Proceedings of the National Academies of Science of the United States of America (PNAS)
MU researchers publishing articles in Proceedings of the National Academy of Sciences (PNAS) receive a discounted open access fee of $2,000, compared to the regular fee of $2,500, to make their papers immediately free online. Find out more.

Book A Librarian For Research Help

Whether you are starting your first research project or have written a dozen articles, you can benefit from a consultation with a librarian. It’s free and you can book online in advance according to your schedule.

Librarians can meet with you virtually or in-person.

MU Students can use Canvas to schedule an appointment via MU Connect* and meet with the librarian assigned to your class. Students, if you book a research consultation with a librarian, you can earn a point towards your S.T.A.R. recognition.

MU Faculty and Staff can fill out the form to schedule an appointment.

*What is MU Connect, and how do you use it? Watch this short video to find out and make an appointment today.


Taira Meadowcroft

Taira Meadowcroft is the Public Health and Community Engagement Librarian at the Health Sciences Library at the University of Missouri.

Chat With the Librarians Wherever You Are

Need research help? Working on a paper or project? You can ask a librarian for help using our chat service– almost 24 hours a day.

During the day you can chat with Mizzou librarians and library staff. At night, we offer access to a chat reference service called ChatStaff. They will be able to answer most research questions, except for some that are Mizzou-specific.

To access the chat service and see what hours chat reference is available, visit

Taira Meadowcroft

Taira Meadowcroft is the Public Health and Community Engagement Librarian at the Health Sciences Library at the University of Missouri.

home Ellis Library, Engineering Library, Journalism Library, Resources and Services Special Spaces in Mizzou Libraries: All Gender Restrooms

Special Spaces in Mizzou Libraries: All Gender Restrooms

Did you know both Ellis Library has all-gender restrooms? And for our other libraries that don’t, there are several all-gender restrooms located near them.

We want Mizzou Libraries to be a welcoming space for students of all gender identities and expressions.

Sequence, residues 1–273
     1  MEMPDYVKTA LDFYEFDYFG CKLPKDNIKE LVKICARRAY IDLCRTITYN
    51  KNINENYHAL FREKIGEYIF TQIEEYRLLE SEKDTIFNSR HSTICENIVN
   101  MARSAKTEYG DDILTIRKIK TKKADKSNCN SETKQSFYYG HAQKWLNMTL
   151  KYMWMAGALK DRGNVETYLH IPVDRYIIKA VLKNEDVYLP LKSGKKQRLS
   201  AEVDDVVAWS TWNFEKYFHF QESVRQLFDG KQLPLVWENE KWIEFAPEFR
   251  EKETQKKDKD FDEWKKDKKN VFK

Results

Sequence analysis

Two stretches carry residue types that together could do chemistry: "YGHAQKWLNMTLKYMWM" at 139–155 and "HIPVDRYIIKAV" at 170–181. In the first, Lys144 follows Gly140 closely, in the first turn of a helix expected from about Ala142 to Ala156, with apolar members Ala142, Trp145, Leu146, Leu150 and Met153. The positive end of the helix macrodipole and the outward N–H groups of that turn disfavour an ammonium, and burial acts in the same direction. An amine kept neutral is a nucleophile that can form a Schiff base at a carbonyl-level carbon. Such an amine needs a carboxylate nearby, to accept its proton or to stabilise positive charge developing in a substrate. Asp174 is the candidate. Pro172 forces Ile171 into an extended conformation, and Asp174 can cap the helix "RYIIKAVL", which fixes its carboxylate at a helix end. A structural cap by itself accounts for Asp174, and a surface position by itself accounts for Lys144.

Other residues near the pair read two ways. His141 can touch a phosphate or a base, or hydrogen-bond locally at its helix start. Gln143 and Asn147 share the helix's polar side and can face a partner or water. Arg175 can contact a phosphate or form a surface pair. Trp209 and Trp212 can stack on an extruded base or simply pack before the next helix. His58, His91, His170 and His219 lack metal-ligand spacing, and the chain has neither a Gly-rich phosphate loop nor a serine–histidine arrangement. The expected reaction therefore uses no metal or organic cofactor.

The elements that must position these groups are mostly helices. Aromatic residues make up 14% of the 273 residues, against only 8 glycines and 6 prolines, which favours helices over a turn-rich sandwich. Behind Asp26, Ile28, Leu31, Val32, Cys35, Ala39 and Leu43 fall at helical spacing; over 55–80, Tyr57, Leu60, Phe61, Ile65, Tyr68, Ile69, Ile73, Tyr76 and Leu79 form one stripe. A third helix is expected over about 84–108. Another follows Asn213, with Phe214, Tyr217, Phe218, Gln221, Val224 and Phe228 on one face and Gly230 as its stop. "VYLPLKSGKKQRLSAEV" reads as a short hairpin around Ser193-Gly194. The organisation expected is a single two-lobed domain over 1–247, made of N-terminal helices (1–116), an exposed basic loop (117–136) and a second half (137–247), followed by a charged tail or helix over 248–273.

Ellis Library: Rooms 203 & 412

Engineering Library (Lafferre Hall): Room C1211

Geology Library (Geological Sciences Building): Rooms 16, 212A & 315A

Journalism Library (Neff Addition & Neff Hall): Rooms 061, 137D & 106

Math Library Mathematical Sciences Building): Room 332

You can find the full list of all gendered restrooms on campus here.


Taira Meadowcroft

Taira Meadowcroft is the Public Health and Community Engagement Librarian at the Health Sciences Library at the University of Missouri.

Finding the Best Study Space

We have spaces for everyone. If you prefer silence, check out rooms 201 and 202 in Ellis Library. Check out this Ellis Library floorplan to see all the quiet spots. Journalism also has four private personal study pods on the bottom floor that are first come, first served.

If you don’t prefer complete silence, try the Information Commons (the first floor of Ellis Library). Or the Bookmark Café on the ground floor for coffee and conversation. You can always take a look at the Ellis Library sensory map to find the best study space for you.

If it’s a group study spot you are searching for, try to reserve one of the group study rooms in either Ellis, Engineering, or Journalism. They can be reserved for up to two hours for each group. Some also have Solstice monitors to help groups studying together share information with one another. Whatever you need, make sure and plan ahead, as rooms fill up quickly! Currently, the Health Sciences Library is under renovation.

Remember, if your program has its own library, be sure to check out those spaces, as they are often designated specifically for you!


Taira Meadowcroft

Taira Meadowcroft is the Public Health and Community Engagement Librarian at the Health Sciences Library at the University of Missouri.